Ten years ago this January I published an article about “truthiness.” The word comes from the The Colbert Report on October 17, 2005. Colbert did a segment called “The Wørd,” and “Truthiness” was the guest of honor.
We tend to think of public debates, and to some extent even voter choices in elections, as distinguishing between truth and error. But Colbert’s act illustrated that this distinction was false, or at least incomplete. He proposed a neologism: “truthiness.” It caught on and became the American Dialect Society’s 2005 word of the year:
Truthiness (noun): the quality of stating concepts or facts one wishes or believes to be true, rather than concepts or facts known to be true.”]
Colbert occasionally put a suit on truthiness when it was time to step out, calling it “Veritasiness.” Regardless, my point (as I put it in 2007, and I’m just quoting from that paper, don’t blame me for being prescient) was that “Truthiness trumps truth — intuition based on feelings or values is more important than debate and evidence.”
Fact-checkers in pajamas
The blatant disregard for the facts that set off the protests against “fake news” actually preceded Colbert’s segment. In the run-up to the 2004 presidential election, there were serious questions raised about George W. Bush’s war record.
On September 4, 2004, the television show 60 Minutes broke the explosive story: Bush had failed to report for a physical while supposedly on active duty. The most important document was a direct written order issued May 4, 1972, by Lt. Colonel Jerry Killian.
But shortly thereafter, a variety of bloggers and other voices on the Internet argued that these documents were obviously forgeries. On the night of September 9, the executive vice-president of CBS News, Jonathan Klein, appeared on Fox News to debate Weekly Standard writer and pundit Stephen Hayes, who agreed with the bloggers’ claim. Both Hayes and the host demanded that CBS acknowledge they had been duped, and in fact had no evidence for their claims against Bush.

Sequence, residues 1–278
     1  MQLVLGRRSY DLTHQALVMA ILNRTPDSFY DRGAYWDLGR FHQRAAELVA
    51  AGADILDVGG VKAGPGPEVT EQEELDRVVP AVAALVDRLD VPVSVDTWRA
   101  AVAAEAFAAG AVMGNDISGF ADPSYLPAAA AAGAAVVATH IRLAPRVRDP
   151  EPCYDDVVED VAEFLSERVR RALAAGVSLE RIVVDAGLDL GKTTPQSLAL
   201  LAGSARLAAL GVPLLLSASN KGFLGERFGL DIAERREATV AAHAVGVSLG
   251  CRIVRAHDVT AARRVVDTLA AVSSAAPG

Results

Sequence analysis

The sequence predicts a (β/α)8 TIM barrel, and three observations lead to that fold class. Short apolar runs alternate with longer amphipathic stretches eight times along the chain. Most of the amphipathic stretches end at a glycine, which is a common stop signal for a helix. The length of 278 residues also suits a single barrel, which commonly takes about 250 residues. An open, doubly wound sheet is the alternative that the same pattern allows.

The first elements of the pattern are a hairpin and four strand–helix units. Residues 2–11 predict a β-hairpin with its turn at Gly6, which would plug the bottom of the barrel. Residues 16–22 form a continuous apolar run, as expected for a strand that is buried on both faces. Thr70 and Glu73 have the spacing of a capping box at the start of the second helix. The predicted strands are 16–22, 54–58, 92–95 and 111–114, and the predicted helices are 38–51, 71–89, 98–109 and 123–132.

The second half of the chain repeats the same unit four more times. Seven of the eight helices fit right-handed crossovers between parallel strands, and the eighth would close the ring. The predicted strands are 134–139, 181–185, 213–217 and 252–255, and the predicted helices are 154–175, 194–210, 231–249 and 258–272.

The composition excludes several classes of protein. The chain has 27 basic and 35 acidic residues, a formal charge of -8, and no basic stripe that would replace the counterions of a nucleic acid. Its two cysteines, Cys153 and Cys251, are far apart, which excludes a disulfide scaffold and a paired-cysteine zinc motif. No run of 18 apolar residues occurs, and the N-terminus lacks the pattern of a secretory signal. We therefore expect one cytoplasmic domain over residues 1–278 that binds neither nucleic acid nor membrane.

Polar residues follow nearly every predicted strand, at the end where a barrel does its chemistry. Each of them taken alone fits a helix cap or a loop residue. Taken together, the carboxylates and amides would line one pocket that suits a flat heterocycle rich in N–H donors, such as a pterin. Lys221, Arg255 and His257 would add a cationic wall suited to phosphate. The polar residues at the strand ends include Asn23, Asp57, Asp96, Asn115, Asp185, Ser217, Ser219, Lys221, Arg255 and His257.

Jonathan Klein responded with a level of smugness that showed he didn’t realize that CBS’s place as a news source that others would simply defer to was already gone forever.
You couldn’t have a starker contrast between the multiple layers of checks and balances [i.e., fact checkers at 60 Minutes] and a guy sitting in his living room in his pajamas writing.”]
That turned out to be true, though not in the way that Mr. Klein intended. After further scrutiny, it is clear that there were significant irregularities in the documents. CBS had failed to authenticate them before going on air with the evidence. But that meant that the “multiple layers of checks and balances” had gotten it wrong, and the bloggers in pajamas had it right: no reputable news source would have used those documents to support that story.
Why had CBS gone ahead, then? Because they believed the story more than they believed in the need for evidence. That is truthiness.
News anchor Dan Rather, in particular, was convinced that George W. Bush had been AWOL, saying that the “essential truth” (Rather’s words) of the claim transcended any nit-picking problems with those particular documents.
Now, even today we can’t be certain, by any means, that the contested documents were actually forgeries. The problem is that there is little reason to believe they are real.
The focus of the argument moved to apparently simple features of the primary letter in particular, the one in which the supposed “direct order” was issued. The most obvious problem was with superscripted letters, in a smaller font size, on military unit numbers (like 41st or 53rd). This way of typing would not be conventional on most military typewriters, as it would have required changing the type ball and manually moving the carriage to create superscripts. This, it was pointed out on dozens of blogs, is nearly impossible to do consistently. Furthermore, other (legitimate) letters from the files at around the same time from the same office showed a completely different, non-proportional typeface.